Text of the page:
This Sunday we are privileged to witness the climax of the NFL season — the game to end all games — the Pro Bowl! Feel the excitement!
Yes, you’ve been waiting all season to see the eighth-best players at their positions compete in a meaningless exhibition game because the top seven players at their position couldn’t be bothered to play. You’ve marked your calendars and set reminders on your smartphone for whatever time the game actually kicks off in whatever city they’re actually playing in this year. (A quick Google search tells me it’s at 8 p.m. ET in Orlando.)
And you bet your bottom dollar you’ll be cheering on your favorite Pro Bowl side, which is… what, Team Rice? Team Deion? Team USA? (Another Google search tells me it’s back to the traditional AFC-NFC format this year.)
All right, so maybe we have to come to grips with the fact that the Pro Bowl is a terrible waste of time and energy that nobody outside football addicts and compulsive gamblers actually care about. Even though last year’s viewership of eight million viewers was the lowest in almost a decade, that’s still a lot of football addicts and compulsive gamblers.
We’re here to help because there are so many more interesting things the NFL can do during the week between the AFC and NFC Championship Games and the Super Bowl. Here are five suggestions we’re sure the NFL league office will take us up on…
1) Celebrity Boxing: NFL Commissioner Edition
OK, maybe the league office wouldn’t be too excited about this, but America would watch in record numbers. The pitch: Roger Goodell has to step into the ring for three rounds with a player of the NFLPA’s choosing! What better way to work out the differences between the commish and the players than by having one of them getting to step into the ring with him?
Imagine what kind of ratings Goodell stepping into the ring with Tom Brady would be able to pull? Forget about it — the Super Bowl would be the appetizer to the boxing match!
The NFL’s all about making money, so put it on pay-per-view, charge $100 a pop, and you’re looking at hundreds of millions of dollars in revenue. Sure, Goodell would have to sacrifice some pride and physical well-being, but it would be worth it. At least for everyone watching.
2) The Promotion-Relegation Game
“Could Alabama beat the Cleveland Browns?” It’s a question that’s been hotly debated over the last several years with some people thinking they might have a chance and most thinking it’s ridiculous to even ask the question. Why leave it to rhetorical debate and snarky tweets? Why not actually play the game and find out for sure!
Every year, the NFL’s worst team could have the opportunity to play college football’s national champion. And sure, maybe it can’t be a soccer-like “promotion-relegation game” with minor complications like NCAA eligibility and the whole professional/amateur dynamic going on. But it sure could be a deterrent from tanking and being the NFL’s worst team to avoid the public shame of having to suit up and play a college team.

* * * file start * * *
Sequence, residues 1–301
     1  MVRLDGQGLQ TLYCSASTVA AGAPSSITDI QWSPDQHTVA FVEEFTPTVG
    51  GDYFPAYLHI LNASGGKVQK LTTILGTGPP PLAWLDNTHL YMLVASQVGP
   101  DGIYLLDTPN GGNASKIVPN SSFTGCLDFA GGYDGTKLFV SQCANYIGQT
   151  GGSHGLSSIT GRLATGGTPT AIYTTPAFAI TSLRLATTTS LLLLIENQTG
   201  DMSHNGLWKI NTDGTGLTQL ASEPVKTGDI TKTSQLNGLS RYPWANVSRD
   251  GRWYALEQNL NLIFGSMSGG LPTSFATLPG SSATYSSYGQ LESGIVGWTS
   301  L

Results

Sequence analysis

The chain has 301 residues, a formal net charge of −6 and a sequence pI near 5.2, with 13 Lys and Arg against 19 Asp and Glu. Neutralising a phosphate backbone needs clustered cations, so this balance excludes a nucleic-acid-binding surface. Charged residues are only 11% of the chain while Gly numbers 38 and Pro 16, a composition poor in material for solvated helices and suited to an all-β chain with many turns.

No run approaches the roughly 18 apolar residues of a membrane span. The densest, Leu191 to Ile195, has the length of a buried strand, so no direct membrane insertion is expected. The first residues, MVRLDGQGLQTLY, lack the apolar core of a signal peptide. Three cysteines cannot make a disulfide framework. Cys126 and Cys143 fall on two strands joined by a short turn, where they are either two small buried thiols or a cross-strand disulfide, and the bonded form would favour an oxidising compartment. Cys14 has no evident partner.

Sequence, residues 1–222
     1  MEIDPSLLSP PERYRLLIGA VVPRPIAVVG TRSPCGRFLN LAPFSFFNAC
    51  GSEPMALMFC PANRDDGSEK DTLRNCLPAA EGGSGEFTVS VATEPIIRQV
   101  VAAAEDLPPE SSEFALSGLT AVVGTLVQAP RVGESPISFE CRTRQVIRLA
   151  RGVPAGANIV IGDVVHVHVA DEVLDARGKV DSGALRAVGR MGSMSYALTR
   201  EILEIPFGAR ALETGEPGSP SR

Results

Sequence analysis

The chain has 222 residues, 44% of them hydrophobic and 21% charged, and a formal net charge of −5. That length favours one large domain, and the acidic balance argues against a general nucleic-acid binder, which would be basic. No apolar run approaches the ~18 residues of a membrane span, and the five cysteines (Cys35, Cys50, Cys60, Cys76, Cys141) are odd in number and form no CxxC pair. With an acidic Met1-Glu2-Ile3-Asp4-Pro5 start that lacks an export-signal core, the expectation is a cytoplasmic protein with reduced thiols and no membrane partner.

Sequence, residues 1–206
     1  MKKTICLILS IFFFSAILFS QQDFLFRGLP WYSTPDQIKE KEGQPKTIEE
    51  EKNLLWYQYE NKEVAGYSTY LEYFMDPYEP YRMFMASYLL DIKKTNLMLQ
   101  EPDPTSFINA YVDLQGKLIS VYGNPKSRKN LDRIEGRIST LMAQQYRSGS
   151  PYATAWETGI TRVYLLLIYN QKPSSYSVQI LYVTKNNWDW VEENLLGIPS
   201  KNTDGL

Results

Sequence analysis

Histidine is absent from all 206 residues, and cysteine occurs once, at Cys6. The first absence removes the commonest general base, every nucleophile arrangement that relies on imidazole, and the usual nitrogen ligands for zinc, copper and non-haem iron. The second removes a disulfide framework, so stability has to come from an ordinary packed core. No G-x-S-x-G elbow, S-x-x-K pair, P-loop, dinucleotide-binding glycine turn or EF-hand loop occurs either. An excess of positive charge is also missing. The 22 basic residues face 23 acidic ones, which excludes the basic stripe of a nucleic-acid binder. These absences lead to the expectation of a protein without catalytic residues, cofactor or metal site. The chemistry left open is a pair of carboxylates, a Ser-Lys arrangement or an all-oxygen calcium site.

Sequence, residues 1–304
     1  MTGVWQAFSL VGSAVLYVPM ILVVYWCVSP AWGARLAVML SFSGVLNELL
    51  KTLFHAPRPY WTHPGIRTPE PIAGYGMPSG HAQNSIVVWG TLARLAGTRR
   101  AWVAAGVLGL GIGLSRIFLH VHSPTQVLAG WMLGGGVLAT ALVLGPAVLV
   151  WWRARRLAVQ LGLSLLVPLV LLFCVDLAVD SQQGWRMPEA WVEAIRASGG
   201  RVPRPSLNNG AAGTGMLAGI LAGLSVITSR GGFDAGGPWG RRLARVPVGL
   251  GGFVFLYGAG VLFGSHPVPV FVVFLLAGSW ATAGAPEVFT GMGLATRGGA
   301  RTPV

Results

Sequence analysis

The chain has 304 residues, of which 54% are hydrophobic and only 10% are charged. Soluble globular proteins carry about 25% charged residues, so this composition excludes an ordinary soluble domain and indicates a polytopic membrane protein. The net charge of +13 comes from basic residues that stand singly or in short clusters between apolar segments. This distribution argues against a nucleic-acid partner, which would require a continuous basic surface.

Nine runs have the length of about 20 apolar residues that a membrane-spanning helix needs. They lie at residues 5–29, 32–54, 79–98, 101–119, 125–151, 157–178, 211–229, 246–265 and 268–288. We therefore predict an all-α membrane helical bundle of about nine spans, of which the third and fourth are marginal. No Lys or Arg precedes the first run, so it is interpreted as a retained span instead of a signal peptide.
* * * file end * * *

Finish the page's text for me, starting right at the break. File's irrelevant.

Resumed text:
Maybe we could even find a way to see the college team gets paid for their extra game as well. Pure fantasy, I know.
3) Battle for the No. 1 Pick
So maybe the above example isn’t too realistic, but something along similar lines could bring an entirely new dynamic and energy around the week between the Championship Games and Super Bowl.
Teams should actually get a chance to earn their picks in the draft instead of just awarding it to who had the worst season time and time again.
It’d be pretty difficult to do the old Bill Simmons idea of having a single-elimination tournament with all of the non-playoff teams in one day and the draft order being based on the tournament’s results. This is football, not basketball and adding four or more games onto the end of the season for non-playoff teams is probably not something anyone is truly enthusiastic about.
In more positive Browns news, Terrelle Pryor turned Artie Burns into burnt toast with this double move pic.twitter.com/7rF7bXGMpF
— Jordan Zirm (@clevezirm) January 2, 2017
However, there’s still a creative way to get this done and make the Sunday between the Championship Games and the Super Bowl meaningful. Bring representatives of the teams together for a skills competition that decides the No. 1 overall pick. Let Terrelle Pryor match up with any one of the cornerbacks that he angered this season in a one-on-one duel to decide who gets rewarded with the top pick.
It’s not perfect, but at least it would actually mean something and fans of that team could actually feel good about earning something that has long been a symbol of depression and tanking.
4) Family Feud: Super Bowl Edition
You want to remove any kind of “this time it counts” meaning from the day? Fine. Let’s just go all-in on the entertainment side of things and make the two teams playing in the Super Bowl compete in a game of Family Feud.
Think of all the new fans that could be reached in the lead-up to the big game. You’re telling me you wouldn’t want to see Steve Harvey yuk it up with Bill Belichick over crude double entendre jokes? It would be television history, I tell you!
You know, we could just take a week off from football…